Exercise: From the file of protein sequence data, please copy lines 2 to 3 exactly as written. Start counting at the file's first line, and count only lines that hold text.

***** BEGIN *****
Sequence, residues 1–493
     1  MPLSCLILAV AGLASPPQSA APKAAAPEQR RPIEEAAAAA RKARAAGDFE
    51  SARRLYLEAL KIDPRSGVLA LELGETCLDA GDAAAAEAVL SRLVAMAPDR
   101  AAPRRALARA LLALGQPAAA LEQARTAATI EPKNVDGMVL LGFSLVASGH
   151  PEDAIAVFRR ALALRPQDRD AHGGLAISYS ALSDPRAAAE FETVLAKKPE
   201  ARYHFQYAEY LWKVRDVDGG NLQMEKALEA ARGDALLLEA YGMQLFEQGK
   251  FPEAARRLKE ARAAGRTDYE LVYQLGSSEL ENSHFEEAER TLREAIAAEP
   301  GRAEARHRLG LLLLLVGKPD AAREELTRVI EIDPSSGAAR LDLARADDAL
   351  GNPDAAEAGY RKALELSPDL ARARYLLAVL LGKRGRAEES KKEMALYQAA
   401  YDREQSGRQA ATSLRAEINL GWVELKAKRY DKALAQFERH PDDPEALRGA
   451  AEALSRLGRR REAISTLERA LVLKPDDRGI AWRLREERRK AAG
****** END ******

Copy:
     1  MPLSCLILAV AGLASPPQSA APKAAAPEQR RPIEEAAAAA RKARAAGDFE
    51  SARRLYLEAL KIDPRSGVLA LELGETCLDA GDAAAAEAVL SRLVAMAPDR